The lecture is sponsored by the ETSU Department of Appalachian Studies and the Center of Excellence for Appalachian Studies and Services in conjunction with Black History Month.
Turner, a Prairie View A&M University research scientist and former Kentucky State University interim president, was one of the first scholars to study the important role of African Americans in Appalachia.
Turner has focused his career on demographic and ethnographic studies and programmatic interventions among people of color in the Appalachian Region. Among the first to combine interests in the fields of African American and Appalachian studies, he has published extensively in national newspapers, refereed academic journals and books on the black experience in Appalachia.
He co-edited with the late Edward J. Cabbell the textbook, “Blacks in Appalachia,” along with thematic essays on Black Appalachians in the Encyclopedia of Southern Culture and the Encyclopedia of Appalachia, the latter of which which was produced by CASS. He also worked for a decade as research associate to “Roots” author Alex Haley.
As a freelance writer, Turner has published in the Huffington Post and dozens of newspapers. His essay, “Black hillbillies have no time for elegies,” was included in the 2019 book “Appalachian Reckoning: A Region Responds to Hillbilly Elegy.”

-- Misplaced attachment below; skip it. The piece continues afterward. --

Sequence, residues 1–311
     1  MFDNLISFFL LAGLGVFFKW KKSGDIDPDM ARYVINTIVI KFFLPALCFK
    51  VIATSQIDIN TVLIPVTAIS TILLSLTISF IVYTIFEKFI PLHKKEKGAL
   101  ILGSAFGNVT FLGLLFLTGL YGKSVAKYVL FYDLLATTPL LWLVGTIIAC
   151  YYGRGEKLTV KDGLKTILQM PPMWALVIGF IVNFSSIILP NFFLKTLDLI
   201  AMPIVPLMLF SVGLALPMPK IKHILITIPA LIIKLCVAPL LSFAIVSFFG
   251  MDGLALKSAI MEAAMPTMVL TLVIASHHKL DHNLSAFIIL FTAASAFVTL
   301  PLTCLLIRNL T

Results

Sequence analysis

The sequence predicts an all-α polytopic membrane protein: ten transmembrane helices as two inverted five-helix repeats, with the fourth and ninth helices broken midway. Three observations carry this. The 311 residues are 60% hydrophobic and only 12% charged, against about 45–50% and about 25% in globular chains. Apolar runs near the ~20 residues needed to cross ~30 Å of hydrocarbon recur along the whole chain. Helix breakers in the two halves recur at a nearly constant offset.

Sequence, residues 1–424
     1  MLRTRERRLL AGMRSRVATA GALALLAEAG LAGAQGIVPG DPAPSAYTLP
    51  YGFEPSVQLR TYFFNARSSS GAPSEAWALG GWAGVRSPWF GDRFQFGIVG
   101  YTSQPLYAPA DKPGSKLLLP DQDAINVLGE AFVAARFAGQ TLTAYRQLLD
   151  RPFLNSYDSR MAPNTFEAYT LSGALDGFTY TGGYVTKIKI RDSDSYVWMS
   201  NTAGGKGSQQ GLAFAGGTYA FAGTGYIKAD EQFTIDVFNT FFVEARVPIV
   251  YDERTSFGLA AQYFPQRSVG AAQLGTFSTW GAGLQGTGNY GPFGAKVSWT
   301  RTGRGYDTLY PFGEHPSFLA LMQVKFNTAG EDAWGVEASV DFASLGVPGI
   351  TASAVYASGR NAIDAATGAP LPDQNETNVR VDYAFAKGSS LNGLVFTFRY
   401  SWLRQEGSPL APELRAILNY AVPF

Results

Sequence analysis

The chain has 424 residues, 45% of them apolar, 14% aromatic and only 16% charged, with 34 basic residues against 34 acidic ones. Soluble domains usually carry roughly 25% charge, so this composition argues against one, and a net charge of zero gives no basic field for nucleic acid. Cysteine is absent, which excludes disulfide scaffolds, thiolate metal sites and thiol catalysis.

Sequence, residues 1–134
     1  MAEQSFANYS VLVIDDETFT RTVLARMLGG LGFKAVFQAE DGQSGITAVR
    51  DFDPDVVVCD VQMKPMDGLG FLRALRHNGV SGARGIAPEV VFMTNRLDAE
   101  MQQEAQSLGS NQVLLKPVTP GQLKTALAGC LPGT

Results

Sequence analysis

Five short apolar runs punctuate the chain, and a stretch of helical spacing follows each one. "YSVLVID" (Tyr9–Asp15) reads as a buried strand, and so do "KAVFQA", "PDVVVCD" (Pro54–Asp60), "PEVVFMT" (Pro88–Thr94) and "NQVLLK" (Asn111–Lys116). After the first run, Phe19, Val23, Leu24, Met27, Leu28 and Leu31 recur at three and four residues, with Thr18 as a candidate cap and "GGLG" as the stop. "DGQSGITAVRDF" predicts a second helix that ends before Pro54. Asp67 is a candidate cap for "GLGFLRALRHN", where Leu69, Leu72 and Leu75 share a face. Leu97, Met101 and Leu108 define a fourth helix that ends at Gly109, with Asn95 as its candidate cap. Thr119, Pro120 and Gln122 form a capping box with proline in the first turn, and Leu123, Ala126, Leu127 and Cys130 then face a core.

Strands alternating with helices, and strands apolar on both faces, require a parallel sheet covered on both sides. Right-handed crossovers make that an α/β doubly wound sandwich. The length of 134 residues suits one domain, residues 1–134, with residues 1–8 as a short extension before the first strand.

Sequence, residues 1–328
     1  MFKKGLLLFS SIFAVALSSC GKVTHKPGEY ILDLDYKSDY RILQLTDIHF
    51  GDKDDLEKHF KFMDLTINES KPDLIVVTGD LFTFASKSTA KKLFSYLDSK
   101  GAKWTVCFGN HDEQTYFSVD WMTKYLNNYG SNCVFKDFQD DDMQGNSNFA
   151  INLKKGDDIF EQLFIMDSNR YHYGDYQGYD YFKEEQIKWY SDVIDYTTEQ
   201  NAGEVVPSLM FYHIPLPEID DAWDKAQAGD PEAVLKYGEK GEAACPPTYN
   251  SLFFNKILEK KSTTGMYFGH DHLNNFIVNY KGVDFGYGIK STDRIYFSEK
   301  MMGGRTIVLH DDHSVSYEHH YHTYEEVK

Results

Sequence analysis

Turner, the fifth of 10 children, was born in 1946 in the town of Lynch in Harlan County, Kentucky. Both grandfathers, his father, four uncles and his older brother were coal miners. His mother was born in Harlan County in 1924, his father William Earl, in Coeburn, Virginia, in 1917. He was awarded his bachelor’s degree from the University of Kentucky in 1968 and a doctorate from Notre Dame University in 1975.
Among the honors Turner has received are the Christian Appalachian Project’s 1994 Person of the Year award and Notre Dame’s 2006 Distinguished Alumni Exemplar award.
In 2007, he was inducted into the Kentucky Civil Rights Hall of Fame, and, in 2008, he was recognized as the Rev. Dr. Martin Luther King Citizen of the Year for “advocating for the rights and expanded educational opportunities for people in Appalachian Kentucky.”
In 2009, the Appalachian Studies Association honored him for a lifetime of service to the Appalachian region, and that same year, he was recommended by members of the Kentucky delegation in the U.S. House of Representatives to President Obama to serve as federal co-chairman of the Appalachian Regional Commission.
Bill and his wife of 49 years, Vivian, who retired as president of the R.J. Reynolds Foundation, live near their three adult children and four grandchildren in Houston.